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Money-laundering, financial terrorism under control: BoN

by Elvis Mboya


Bank of Namibia’s move to implement anti-money laundering and financial terrorism law that came into effect this month is laborious for customers, but an essential tool to curb financial crimes in the country, financial players say.  

Namibia Bureau de Change manager , Susan van der Westhuizen, however, laments that people who send and receive money through electronic money (e-money) transfer find it cumbersome and time-consuming with its detailed paperwork brought about by the implementation of anti-money laundering and financial terrorism law.

Westhuizen further says, although many clients complain that they spend a lot of time and energy filling up piles of forms, financial crimes are minimised.

 “Customers now have to fill in lots of information including detailed personal information of the sender and/or receiver as well as where the money comes from. It’s uncomfortable to them but good for the financial system,” the banker says.

The head of marketing at Standard Bank Namibia, Thaddius Maswahu says that it is essential that financial institutions adhere to the new rules to help monitor money-laundering. He adds that sometimes customers may not be comfortable revealing personal information but it’s part of the campaign to curb financial crimes.

“To tackle this issue, we need co-operation from all players in the industry. In the past, people would open fake bank accounts to transact huge sums of money and that called for strict measures,” he expressed.

According to BoN report issued by BoN Governor, Ipumbu Shiimi, this determination applies to all persons who intend to issue e-money in Namibia and it became effective at the beginning of last month.

The law requires that e-money issuers be responsible for ensuring that their e-money payment instruments are not misused for money laundering, terrorist funding, or other “unlawful activities” regulated under the FIA and its accompanying regulations.

E-money issuers must fully comply with Customer Due Diligence (CDD) and all other requirements under the FIA.

Shiimi says that it is the central bank’s obligation to ensure that e-money is a payment instrument that requires authorisation from the bank before being issued to ensure the safety and stability of the National Payment System.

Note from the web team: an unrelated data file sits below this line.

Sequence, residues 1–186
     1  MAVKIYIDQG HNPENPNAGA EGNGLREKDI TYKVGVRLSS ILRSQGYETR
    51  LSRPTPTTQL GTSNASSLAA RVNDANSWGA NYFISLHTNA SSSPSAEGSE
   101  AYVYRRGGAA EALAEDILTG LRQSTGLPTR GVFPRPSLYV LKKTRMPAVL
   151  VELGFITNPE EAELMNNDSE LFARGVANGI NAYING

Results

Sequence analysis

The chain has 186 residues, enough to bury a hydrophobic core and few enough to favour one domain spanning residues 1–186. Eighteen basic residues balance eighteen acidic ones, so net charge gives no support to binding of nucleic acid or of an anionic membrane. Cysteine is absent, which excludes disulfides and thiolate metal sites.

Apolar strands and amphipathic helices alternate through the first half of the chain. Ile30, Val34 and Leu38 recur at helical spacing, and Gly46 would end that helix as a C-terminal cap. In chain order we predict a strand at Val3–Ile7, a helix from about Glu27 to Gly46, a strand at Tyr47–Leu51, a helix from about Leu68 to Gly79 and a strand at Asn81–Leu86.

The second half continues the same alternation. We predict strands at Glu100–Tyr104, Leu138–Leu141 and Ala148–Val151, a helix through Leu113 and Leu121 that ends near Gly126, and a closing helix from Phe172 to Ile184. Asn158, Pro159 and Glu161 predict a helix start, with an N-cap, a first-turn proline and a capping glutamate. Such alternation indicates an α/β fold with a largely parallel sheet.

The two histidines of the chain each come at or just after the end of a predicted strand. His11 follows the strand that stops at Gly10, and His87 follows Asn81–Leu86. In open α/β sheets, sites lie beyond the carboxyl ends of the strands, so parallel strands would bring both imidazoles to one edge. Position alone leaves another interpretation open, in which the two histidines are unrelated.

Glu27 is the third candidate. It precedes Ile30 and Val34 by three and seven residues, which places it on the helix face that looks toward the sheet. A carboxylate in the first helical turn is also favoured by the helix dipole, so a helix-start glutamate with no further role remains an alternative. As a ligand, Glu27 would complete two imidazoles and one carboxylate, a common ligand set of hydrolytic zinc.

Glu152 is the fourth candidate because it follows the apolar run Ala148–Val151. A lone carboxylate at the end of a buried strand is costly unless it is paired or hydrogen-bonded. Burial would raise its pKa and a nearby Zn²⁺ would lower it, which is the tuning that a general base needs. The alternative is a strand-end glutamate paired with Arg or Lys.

The application of the Act by virtue of Section 14 of the amended Payment System Management Act of 2003 (Act No. 18 of 2003) states that unless expressly stated otherwise, the provisions of the Act, as well as the related determinations and directives, shall apply to all e-money issuers.

This determination, he says, shall apply to all persons who intend to issue e-money in Namibia in terms of Section 5 of the amended Payment System Management Act of 2003 (Act No. 18 of 2003).

Both banks and non-bank actors are permitted to apply for authorisation to issue e-money. Permission to offer specific e-money-related services is subject to authorisation by the central bank.

Current e-money issuers, according to BoN, must be able to demonstrate their full compliance within six months after issuance of this determination.

Shiimi said: “Any entity wishing to issue e-money in Namibia must apply to the Bank for authorisation.

An application for authorisation shall include all documents, data, or other information as prescribed by the Bank.

“An e-money issuer’s license shall be renewed annually upon payment of the required fees, provided that the e-money issuer is in full compliance with the requirements of this determination,” says Shiimi.

E-money issuers shall notify the Bank of any proposed significant changes to the scope or nature of the e-money services provided.

Such notification shall be provided at least 30 days prior to the date on which the change is to take effect.

BoN further states that individual accounts, business accounts and agent accounts shall be subject to transaction and balance limits, as may be determined by the Bank from time to time.

E-money issuers, BoN adds, shall be required to submit reports as prescribed by it.

In order to ensure that it is able to effectively supervise e-money issuers, it reserves the right to inspect all e-money-related records, data, or other relevant information, whether in the possession of the E-money issuer or its agent(s).

E-money issuer, person or entity who contravenes or otherwise fails to comply with this determination , according to the BoN governor, shall be subject to penalties and cancelation of their permits as provided under the amended Payment System Management Act, Act 18 of 2003.